While growing up in Newsoms he learned about music in middle school, getting “a sense of dancing” and thinking “I want to do that.”

As a youth, Rollins also learned tumbling at the Triple T Sports Center in Suffolk, which gave him a background for his later cheerleading abilities such as twirling a baton, even one that's on fire.

“It started with a stick. I taught myself,” he said.

All that's gotten him the opportunity to perform at an Atlanta Falcons game as well as his picture in The Washington Post about VSU's “Trojan Explosion.”

Renowned dancers and choreographers such as Alvin Ailey and Arthur Mitchell have been people who have really inspired him. Rollins recalls seeing a televised performance of Ailey's “Sinner Man.”

“Very powerful,” he recalled thinking. “Wow! These guys are amazing!”


Earlier this past spring, Rollins joined Latin Ballet in Richmond.

After seeing an ad for auditions, he sent a resume and video, and then got tickets to see what the company does in performance.

“Latin Ballet lets you be your own artist,” he said, describing it as a contemporary company that includes Flamenco, salsa and Cuban styles in its performances.

Invited to rehearsal, he auditioned in front of company.

“The atmosphere was very relaxed,” Rollins said. “The next thing I know, I was part of the company.”

Ana Ines King, artistic director and founder of the Latin Ballet of Virginia, had this to say about her newest member:

"He applied for a position that was open with Latin Ballet ... his background and body type matched exactly with what we were looking for. DeShon has a lot of potential. He is very theatrical, a quick learner and hungry to learn a variety of other styles of dance, which makes him an attractive dancer for what the Latin Ballet does related to our mission and vision."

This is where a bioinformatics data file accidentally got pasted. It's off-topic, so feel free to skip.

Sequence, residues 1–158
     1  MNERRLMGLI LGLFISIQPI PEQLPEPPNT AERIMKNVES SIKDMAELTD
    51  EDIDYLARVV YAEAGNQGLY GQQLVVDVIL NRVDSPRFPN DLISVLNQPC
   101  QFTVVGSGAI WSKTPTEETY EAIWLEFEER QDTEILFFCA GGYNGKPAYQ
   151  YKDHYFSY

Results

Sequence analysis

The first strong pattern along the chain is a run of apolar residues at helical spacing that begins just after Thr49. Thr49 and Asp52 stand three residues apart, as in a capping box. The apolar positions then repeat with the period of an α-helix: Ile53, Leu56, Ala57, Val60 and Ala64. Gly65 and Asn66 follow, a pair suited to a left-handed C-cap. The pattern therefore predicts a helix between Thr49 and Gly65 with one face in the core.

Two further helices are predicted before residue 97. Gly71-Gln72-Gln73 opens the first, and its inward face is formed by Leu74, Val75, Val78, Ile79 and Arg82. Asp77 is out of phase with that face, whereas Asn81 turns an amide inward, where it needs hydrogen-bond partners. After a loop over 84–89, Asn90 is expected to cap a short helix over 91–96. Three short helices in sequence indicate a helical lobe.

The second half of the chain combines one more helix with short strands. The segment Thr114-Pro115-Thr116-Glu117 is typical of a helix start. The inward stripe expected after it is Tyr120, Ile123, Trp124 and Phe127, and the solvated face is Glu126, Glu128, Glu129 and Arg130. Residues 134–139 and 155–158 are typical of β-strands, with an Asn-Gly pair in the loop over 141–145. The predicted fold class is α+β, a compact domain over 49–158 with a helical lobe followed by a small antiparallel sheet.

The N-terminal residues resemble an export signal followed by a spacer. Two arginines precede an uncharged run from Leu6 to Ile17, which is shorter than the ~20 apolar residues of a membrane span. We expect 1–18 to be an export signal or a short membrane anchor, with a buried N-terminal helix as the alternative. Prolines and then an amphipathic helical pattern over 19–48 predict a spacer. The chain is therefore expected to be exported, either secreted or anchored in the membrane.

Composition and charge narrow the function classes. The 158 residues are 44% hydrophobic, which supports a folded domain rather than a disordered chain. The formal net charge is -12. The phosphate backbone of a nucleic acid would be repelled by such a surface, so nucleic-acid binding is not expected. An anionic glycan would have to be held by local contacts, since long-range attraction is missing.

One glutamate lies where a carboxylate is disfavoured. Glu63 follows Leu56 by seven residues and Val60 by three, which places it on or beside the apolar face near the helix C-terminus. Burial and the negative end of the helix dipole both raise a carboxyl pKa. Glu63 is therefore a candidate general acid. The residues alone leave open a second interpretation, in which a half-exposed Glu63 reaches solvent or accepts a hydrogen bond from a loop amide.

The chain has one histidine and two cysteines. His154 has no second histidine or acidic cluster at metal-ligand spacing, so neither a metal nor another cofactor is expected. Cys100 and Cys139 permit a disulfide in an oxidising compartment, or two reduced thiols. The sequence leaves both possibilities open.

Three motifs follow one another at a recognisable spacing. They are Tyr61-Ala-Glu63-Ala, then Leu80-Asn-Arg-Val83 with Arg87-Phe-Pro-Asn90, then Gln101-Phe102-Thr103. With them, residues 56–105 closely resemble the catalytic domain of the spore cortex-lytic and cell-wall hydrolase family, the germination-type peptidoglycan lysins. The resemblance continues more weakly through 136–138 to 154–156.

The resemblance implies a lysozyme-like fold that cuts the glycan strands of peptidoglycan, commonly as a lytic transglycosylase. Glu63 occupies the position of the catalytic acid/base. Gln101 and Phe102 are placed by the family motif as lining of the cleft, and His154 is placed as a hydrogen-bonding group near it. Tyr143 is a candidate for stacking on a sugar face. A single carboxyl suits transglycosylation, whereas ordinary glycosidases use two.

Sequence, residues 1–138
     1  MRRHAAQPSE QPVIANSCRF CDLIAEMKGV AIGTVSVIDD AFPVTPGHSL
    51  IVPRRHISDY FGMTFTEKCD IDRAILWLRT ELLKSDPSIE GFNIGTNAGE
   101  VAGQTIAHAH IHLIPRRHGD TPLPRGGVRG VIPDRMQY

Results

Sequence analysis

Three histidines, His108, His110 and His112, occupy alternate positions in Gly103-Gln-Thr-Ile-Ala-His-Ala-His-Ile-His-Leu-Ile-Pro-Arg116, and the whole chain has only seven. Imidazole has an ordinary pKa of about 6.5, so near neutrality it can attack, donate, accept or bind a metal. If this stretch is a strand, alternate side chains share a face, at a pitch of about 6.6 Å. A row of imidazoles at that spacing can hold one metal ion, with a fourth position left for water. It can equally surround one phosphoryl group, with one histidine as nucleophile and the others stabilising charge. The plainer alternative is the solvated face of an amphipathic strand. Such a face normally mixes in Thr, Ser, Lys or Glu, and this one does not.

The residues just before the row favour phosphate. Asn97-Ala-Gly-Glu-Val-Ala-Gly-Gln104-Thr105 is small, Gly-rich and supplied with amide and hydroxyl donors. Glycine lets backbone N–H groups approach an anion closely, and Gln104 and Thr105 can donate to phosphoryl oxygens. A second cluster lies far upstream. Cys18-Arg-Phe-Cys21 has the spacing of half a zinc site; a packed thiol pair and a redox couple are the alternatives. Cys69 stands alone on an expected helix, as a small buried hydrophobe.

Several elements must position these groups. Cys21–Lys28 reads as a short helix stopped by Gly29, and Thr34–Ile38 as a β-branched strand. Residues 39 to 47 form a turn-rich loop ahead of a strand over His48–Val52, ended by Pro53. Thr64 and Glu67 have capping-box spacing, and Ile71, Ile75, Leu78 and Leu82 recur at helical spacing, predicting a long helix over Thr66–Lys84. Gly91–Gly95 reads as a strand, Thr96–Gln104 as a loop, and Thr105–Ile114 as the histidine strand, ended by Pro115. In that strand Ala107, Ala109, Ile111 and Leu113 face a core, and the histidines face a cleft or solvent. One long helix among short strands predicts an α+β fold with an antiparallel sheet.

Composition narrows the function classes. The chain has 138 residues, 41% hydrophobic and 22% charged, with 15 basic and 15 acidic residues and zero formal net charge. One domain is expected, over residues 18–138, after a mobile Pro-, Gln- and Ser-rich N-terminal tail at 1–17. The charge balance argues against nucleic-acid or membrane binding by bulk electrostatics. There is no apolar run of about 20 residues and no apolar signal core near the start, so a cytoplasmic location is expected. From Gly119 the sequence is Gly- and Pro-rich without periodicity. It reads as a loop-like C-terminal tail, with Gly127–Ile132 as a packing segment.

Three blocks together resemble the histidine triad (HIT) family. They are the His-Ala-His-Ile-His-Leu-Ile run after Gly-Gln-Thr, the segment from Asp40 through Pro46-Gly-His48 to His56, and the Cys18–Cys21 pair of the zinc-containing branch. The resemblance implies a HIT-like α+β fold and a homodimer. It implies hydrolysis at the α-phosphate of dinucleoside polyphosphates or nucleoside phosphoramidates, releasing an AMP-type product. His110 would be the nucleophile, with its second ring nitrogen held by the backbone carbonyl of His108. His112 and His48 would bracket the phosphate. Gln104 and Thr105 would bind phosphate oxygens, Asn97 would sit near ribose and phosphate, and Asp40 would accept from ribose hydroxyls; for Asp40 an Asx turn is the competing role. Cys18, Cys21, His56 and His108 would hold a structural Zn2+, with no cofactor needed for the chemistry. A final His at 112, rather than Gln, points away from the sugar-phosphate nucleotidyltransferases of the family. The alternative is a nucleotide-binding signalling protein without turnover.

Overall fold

Rollins said he's been in four shows so far, including a solo.


All that accounts for just about every waking hour and then some in his life.

“My schedule and intensity have made me value dance that much more. It's hard, but worth having,” he said. “I'm very blessed to be teaching. I'm able to make a life of dance and teach. I hope to be able to go on to be world-phenomenal performer/ teacher and share my talents worldwide and keep the culture alive.”

To which he included inspiring and mentoring young dancers. Rollins wants them to be trained correctly and know their options in how to succeed in dance.

“We have technique for a reason,” he said. “To show the correct way of doing things, to prevent injuries as well as pushing the aesthetic.”

No matter how well trained, though, a dancer can still get ailments and injuries. Rollins said he's developed bone spurs in his feet, sprained a toe and torn hamstrings. He also admits even he could use some more training .

In dance, you're “always growing and always learning … living in a realm of constant evolution,” he said.

Part of what's driven Rollins has been all those people who doubted him all these years and said, “We never thought you'd be this dancer.”

He also referred to a scene in the movie “Pursuit of Happyness,” in which the father tells his son that if he's got a dream, he shouldn't let people tell him he can't achieve it.

“That was a very inspiring quote to myself,” said Rollins.

“I wake up every morning thinking 'I'm going to work pretty damn hard.'”

As of Aug. 31, Rollins announced that he has opened his own studio, “Artistry in Motion Performing Arts Center,” at 12137 S. Chalkley Road, Chester, where he is now Artistic Director

To learn more about the company for which he dances and follow his career, visit him at

You can also Rollins dancing and cheering in several videos posted at as well as visiting his Instagram account @Niajhi_dance.

Written by: STEPHEN H. COWLES/STAFF WRITER  | The Tidewater News